Two stories have me pondering the purpose of music education at two different levels.
First, a high school countertenor was prevented from auditioning for the Texas All-State Choir. Mikhael Rawls had sent each of the board members of the Texas Music Educators Association a 35-page packet to make his case, including the recent resurgence of Baroque opera and the historical use of Men and Boys Choirs (not so historical, as most big Episcopal and Anglican churches still use them, including countertenors). The Board sent him back a one-page rejection, citing the traditional organization of choirs in Texas. While I find the one-page rejection to have completely failed in offering to educate the young lad (and the NPR-listening audience), I do see a reason for rejecting his petition. A standard SATB choir (Soprano-Alto-Tenor-Bass) has a very different blend of voices from a Men-n-Boys Choir, and both choirs are very different from the use of solo countertenors in Baroque (and Classical) music. The Board could have argued that the countertenor voice has a distinctively different timbre from female mezzo-soprano voices, especially youthful high school mezzo-soprano voices. Because of this large difference, it would be difficult for the choir director to effectively blend Mikhael's voice in with the rest of the mezzos. But the Board did not make this argument, neglecting their role as leaders in music education.
Second, an adjunct violin professor thinks about quitting to become a lawyer, partially because he feels guilty about recruiting students in a field that has a dearth of jobs. I used to feel that way, regarding schools of music like Indiana U. to be unethical in the production of so many performance majors. But I have a different attitude now, and no, it was not caused by me getting summer gigs at IU. It was through teaching performance majors at smaller music schools, students who were unlikely to win auditions for orchestras or opera companies, that made me rethink what the purpose of a performance degree is.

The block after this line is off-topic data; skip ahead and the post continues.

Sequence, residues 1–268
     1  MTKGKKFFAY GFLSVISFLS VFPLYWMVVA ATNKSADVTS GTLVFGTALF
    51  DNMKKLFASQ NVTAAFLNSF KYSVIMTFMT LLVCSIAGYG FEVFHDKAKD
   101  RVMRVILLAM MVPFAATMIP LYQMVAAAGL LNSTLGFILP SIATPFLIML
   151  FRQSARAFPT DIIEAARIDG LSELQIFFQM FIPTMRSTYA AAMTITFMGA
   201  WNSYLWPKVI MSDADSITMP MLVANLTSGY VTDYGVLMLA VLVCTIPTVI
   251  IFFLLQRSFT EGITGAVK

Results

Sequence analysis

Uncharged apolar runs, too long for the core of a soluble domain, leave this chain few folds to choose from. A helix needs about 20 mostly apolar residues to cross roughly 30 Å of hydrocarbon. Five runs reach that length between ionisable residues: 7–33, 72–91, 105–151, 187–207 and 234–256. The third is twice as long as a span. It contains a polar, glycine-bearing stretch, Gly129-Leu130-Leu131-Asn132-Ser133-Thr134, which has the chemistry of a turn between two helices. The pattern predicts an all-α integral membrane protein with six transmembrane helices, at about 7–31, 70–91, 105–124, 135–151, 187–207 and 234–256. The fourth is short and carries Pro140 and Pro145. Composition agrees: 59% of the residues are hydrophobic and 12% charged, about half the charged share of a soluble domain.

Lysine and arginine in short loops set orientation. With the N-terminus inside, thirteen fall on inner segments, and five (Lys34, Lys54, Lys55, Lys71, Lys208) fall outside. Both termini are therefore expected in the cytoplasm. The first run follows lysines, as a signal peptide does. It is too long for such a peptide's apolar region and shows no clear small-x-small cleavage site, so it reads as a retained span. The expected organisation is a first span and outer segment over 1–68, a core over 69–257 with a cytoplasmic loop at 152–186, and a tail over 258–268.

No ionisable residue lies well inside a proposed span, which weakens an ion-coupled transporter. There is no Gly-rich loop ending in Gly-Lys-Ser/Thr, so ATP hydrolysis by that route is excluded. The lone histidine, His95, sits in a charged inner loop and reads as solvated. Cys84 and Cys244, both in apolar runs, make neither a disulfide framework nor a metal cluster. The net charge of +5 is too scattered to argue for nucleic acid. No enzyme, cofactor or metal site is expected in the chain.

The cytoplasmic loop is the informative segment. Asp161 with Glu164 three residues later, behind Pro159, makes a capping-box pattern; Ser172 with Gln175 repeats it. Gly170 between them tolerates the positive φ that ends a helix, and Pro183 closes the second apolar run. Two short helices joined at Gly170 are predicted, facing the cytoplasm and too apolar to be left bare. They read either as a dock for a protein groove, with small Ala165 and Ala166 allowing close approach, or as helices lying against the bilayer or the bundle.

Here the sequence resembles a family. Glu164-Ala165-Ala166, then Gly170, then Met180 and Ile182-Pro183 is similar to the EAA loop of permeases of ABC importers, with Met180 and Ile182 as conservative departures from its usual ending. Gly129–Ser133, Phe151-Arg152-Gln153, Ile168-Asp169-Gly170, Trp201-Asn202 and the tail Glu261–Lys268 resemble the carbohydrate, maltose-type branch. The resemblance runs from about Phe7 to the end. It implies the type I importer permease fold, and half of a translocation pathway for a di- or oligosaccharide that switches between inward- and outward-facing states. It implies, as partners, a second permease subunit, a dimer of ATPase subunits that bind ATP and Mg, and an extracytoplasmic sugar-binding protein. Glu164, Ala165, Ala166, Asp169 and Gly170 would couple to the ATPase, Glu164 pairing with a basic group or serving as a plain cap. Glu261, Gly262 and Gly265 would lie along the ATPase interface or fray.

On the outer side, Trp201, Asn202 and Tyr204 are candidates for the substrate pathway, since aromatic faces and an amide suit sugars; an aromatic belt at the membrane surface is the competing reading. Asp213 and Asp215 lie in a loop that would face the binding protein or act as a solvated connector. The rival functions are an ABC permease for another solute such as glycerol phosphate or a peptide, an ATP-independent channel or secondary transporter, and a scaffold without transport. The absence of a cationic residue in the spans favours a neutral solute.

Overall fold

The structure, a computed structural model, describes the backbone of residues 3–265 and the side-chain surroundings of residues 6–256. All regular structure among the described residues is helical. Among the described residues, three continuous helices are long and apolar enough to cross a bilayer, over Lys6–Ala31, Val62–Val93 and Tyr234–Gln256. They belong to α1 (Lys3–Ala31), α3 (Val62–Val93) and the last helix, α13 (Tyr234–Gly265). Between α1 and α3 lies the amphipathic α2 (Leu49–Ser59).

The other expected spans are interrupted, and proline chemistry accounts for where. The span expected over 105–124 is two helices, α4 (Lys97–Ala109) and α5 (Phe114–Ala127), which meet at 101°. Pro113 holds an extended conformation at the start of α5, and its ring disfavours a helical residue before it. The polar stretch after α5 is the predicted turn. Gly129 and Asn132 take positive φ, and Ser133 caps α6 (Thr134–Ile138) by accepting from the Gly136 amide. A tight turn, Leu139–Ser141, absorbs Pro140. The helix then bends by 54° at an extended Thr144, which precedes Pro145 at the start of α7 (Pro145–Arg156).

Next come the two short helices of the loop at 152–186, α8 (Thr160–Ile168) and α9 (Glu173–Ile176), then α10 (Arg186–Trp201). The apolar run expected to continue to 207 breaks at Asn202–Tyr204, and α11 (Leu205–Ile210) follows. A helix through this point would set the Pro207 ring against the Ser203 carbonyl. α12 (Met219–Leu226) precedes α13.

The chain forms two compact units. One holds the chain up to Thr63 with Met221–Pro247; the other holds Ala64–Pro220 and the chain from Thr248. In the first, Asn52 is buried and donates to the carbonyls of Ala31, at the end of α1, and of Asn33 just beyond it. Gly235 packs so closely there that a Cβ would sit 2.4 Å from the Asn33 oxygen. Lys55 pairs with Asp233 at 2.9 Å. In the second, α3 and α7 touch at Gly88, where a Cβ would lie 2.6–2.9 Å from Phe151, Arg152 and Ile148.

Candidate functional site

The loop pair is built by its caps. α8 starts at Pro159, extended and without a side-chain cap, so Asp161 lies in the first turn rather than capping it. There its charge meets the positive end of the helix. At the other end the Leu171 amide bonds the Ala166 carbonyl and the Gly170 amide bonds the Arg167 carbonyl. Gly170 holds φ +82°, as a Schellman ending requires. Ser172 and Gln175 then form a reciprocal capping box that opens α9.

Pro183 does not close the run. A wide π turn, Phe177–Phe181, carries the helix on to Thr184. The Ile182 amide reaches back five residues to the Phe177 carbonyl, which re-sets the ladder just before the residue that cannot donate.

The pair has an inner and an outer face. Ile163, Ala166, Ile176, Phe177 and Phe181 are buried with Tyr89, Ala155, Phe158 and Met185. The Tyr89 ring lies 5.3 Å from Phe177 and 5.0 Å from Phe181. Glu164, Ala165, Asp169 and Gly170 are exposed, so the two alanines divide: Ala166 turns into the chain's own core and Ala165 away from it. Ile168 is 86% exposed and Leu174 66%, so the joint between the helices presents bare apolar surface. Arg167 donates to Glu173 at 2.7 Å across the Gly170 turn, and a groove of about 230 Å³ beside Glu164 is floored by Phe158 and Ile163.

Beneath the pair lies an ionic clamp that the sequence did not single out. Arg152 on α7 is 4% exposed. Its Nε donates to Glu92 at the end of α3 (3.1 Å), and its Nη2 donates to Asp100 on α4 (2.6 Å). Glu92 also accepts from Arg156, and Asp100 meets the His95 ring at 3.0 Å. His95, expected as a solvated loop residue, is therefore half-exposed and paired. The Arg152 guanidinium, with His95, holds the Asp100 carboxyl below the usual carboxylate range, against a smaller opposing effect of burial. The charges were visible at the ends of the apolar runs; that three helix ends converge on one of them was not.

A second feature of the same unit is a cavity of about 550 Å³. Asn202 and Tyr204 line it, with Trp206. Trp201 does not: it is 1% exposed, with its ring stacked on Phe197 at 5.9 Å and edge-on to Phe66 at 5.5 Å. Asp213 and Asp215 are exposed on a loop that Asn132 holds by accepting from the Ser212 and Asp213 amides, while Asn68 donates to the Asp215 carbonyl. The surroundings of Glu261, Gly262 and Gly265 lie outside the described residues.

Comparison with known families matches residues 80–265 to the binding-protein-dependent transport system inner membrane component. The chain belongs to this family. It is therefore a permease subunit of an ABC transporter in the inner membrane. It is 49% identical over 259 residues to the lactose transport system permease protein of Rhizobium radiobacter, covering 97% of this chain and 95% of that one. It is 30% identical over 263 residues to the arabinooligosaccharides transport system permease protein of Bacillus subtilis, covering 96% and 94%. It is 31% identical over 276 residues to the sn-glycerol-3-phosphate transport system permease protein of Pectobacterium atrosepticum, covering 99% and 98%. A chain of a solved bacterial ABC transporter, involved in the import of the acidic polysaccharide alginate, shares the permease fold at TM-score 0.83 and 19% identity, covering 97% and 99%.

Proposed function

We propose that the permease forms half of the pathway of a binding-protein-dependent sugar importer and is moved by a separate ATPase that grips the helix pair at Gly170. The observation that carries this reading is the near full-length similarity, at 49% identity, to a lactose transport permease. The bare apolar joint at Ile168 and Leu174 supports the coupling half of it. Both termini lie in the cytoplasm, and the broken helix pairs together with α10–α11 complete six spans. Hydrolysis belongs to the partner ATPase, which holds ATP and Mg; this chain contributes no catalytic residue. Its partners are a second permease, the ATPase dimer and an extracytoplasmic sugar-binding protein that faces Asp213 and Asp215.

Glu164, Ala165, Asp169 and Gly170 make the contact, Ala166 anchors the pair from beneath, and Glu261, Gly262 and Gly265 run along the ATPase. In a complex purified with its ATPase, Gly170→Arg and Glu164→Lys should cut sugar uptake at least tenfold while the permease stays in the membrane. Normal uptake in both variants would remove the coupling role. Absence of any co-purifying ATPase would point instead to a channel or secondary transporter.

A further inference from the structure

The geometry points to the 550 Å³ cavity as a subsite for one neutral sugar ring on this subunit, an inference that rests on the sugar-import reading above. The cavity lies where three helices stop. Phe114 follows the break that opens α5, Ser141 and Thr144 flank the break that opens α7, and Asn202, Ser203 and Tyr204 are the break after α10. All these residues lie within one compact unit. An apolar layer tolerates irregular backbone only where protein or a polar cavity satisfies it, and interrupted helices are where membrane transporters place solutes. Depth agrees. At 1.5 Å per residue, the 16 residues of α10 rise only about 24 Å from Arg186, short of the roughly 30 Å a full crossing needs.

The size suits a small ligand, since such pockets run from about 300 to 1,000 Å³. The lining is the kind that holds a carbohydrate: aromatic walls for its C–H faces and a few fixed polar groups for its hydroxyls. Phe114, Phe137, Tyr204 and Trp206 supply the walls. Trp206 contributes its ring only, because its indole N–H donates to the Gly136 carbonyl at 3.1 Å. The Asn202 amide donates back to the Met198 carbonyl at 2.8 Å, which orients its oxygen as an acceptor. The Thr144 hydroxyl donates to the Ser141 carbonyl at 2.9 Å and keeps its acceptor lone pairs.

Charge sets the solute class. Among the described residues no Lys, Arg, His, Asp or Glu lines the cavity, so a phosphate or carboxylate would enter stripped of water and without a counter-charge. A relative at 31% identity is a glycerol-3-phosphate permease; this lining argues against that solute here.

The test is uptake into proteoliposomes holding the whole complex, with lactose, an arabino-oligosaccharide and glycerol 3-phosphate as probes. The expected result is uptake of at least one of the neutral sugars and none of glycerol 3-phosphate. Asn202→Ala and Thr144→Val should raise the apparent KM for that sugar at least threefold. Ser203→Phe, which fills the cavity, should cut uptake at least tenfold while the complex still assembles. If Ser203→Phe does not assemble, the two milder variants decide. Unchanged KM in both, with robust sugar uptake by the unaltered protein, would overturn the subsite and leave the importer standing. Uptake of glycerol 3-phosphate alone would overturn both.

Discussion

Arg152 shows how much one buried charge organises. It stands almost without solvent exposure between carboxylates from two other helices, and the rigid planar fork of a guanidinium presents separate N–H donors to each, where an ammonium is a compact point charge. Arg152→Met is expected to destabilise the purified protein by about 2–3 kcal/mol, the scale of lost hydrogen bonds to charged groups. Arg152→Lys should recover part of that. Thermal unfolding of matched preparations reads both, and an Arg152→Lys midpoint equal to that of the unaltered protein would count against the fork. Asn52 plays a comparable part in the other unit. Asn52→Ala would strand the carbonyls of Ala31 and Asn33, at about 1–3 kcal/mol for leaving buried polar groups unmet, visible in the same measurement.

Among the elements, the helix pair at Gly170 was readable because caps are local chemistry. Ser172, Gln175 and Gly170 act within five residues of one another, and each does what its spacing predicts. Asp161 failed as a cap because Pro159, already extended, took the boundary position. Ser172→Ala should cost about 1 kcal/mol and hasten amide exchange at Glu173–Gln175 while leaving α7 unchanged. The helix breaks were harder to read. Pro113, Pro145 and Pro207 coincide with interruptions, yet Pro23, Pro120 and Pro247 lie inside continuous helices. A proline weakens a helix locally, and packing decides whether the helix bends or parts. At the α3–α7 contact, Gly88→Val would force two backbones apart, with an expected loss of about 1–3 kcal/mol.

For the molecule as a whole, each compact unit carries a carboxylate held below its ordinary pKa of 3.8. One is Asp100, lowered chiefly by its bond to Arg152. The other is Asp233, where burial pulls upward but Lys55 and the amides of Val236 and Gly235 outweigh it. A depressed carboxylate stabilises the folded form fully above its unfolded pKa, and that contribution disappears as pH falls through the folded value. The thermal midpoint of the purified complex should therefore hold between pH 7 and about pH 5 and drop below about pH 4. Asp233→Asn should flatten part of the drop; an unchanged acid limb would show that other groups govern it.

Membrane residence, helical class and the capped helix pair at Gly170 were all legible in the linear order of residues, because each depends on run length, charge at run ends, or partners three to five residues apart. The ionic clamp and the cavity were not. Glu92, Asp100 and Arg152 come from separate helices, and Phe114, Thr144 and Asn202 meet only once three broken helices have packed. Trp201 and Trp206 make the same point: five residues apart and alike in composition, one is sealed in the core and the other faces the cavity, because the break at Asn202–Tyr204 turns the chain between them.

While my BM in performance was from a conservatory of music, I really ended up treating it as a liberal arts study in music. I took courses on music aesthetics, conducting, wind pedagogy and the psychology of music in addition to the traditional lessons, music theory, and music history. When I got my MM in performance, I took courses on bibliography and opera history that were not required. And now I pull on my all of experiences in performance, theory, history, psychology, etc. when teaching my students and conducting my research.
Performance majors who are not attending Eastman or Julliard are not getting a professional degree oriented only to one career choice. Instead, they are learning a discipline that teaches problem-solving, a mighty work ethic, creativity, and self-expression. These skills can be applied to just about any field, even law. So the adjunct violinist may have good personal reasons for making a career change, but he shouldn't worry about the ethics of recruiting students.
(via Steve Hicken)